Bechtel and Kenyan government to discuss financing of $3bn highway project
American construction giant Bechtel is due to meet the Kenyan government as the two parties seek to find a financial solution to a massive highway project linking Nairobi and Mombasa.
Spanning 473km, the motorway project is estimated to be valued at around $3bn, but it is thought that Bechtel and the government have different ideas over how best to fund the construction.
The former is pushing for Kenya to contract a loan, which it says will prove better value for money than the public-private partnership model being sought by the country’s governing authorities.
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Kenya wants Bechtel to source initial funding and claim it back through charging toll fees once the road is open. However, the US firm says that will cost Kenyan taxpayers $5bn over 25 years.
The two parties are due to meet next week and agree a framework in order to get the project moving once more.
Treasury Cabinet Secretary Henry Rotich said: “Bechtel team will be coming from 9th July to have a detailed discussion with us and other agencies. They have already done some work and we have agreed to continue that discussion.
“We will commence detailed discussion on how the financing approach will be undertaken under that project. We will be discussing modalities, financing structuring and the details for us to be clear on how to undertake this project.”
The expressway, comprising four lanes, will provide an uninterrupted connection between two of Kenya’s most economically important cities with a maximum speed of 120km/h.
217,000 extra workers needed to meet COVID-19 recovery
As the construction industry’s recovery progresses, the Construction Industry Training Board’s (CITB) Construction Skills Network (CSN) forecasts have led the organisation to believe the industry will reach 2019 levels of output in 2022.
The CSN says there will be an increase in the number of construction workers in “most English regions” by 2025, with demands forecasted at a 1.7% rise for the East Midlands, and a 1.4% rise for the West Midlands.
Scotland and Wales are also predicted to see a surge in demand for construction workers with a total increase of 1.4% and 0.7% respectively. The North East is the only region to see a slight decline in workforce demand at -0.1%.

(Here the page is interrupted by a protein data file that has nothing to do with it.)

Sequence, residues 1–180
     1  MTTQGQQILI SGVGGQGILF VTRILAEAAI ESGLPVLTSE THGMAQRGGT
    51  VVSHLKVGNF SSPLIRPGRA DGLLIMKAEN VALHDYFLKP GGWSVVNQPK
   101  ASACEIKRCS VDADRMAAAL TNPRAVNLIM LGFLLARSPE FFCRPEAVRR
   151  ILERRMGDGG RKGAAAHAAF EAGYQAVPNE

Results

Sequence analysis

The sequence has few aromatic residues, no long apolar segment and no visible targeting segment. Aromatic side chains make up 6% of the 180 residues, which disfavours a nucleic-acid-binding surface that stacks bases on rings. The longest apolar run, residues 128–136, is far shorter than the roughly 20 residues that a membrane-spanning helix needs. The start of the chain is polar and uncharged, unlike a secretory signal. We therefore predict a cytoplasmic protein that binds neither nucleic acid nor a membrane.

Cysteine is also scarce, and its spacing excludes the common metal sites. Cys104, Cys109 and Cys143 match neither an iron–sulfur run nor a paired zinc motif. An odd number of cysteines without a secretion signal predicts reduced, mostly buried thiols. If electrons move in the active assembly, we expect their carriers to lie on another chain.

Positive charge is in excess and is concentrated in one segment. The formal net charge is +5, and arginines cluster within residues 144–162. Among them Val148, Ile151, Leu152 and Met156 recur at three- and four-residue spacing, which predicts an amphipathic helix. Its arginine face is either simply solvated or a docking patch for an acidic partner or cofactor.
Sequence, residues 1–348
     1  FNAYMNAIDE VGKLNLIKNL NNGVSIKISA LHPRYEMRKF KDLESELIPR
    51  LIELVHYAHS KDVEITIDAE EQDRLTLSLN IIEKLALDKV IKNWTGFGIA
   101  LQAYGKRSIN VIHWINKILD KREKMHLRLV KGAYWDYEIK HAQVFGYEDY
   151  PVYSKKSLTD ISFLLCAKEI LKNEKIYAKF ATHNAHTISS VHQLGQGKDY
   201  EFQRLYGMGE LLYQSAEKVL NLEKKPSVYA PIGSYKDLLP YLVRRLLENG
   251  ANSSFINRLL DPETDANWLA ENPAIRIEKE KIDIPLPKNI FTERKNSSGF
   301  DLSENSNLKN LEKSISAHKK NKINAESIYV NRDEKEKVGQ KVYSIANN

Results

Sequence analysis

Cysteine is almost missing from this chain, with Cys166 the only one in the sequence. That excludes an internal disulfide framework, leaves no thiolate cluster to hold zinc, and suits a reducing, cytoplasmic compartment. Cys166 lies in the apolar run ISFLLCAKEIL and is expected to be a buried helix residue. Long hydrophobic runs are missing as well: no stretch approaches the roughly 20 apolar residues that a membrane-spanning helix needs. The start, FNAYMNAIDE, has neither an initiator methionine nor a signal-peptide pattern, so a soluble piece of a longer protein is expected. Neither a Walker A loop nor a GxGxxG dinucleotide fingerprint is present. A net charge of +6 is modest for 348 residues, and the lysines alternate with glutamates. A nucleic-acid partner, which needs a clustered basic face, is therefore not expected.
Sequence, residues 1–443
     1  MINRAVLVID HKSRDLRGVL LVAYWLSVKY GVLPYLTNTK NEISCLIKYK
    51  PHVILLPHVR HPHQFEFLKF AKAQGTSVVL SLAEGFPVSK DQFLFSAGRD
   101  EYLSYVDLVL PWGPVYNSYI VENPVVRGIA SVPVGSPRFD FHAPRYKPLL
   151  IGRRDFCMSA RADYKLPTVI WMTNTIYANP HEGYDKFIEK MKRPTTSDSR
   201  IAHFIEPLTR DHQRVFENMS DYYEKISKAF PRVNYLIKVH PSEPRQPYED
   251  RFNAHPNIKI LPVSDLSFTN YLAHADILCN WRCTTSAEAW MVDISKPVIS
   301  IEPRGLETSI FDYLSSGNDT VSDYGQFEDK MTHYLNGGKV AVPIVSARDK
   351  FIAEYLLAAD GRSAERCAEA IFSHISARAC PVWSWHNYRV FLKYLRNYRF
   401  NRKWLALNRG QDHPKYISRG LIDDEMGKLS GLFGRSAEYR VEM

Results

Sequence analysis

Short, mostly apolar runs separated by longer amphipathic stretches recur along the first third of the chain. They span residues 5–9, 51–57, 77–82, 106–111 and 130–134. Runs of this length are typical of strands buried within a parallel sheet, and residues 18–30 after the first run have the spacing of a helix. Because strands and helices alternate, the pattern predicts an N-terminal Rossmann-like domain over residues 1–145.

Wood and interior fit-out trades among the most desirable during COVID-19
According to CSN’s forecast, the trades that are the most wanted are those of wood and interior fit-outs, with both requiring around 5,500 workers per year. Other in-demand trades include technical staff and other construction professionals, requiring 5,150 workers each year, construction managers at 3,600, and the electrical installation trade, which requires 3,400 staff per year.
There is also expected to be demand for 7,850 non-construction, office-based professionals and technical and IT support staff each year. Steve Radley, Policy Director at CITB, said: “It’s great to see construction coming back so strongly and creating lots of job opportunities.
“We need to adopt new approaches to meet these growing skills needs and deliver these quickly. We are working closely with the government and FE to build better bridges between FE and work and make apprenticeships more flexible. We are also making significant investments in supporting work experience that make it easier for employers to bring in new blood.
“We must also make sure that we invest in the skills that will drive change and meet new and growing needs such as Net Zero emissions and Building Safety. We will be announcing plans soon to tackle specific skills and occupations such as leadership and management, digital skills, and skills related to energy efficiency”, he said.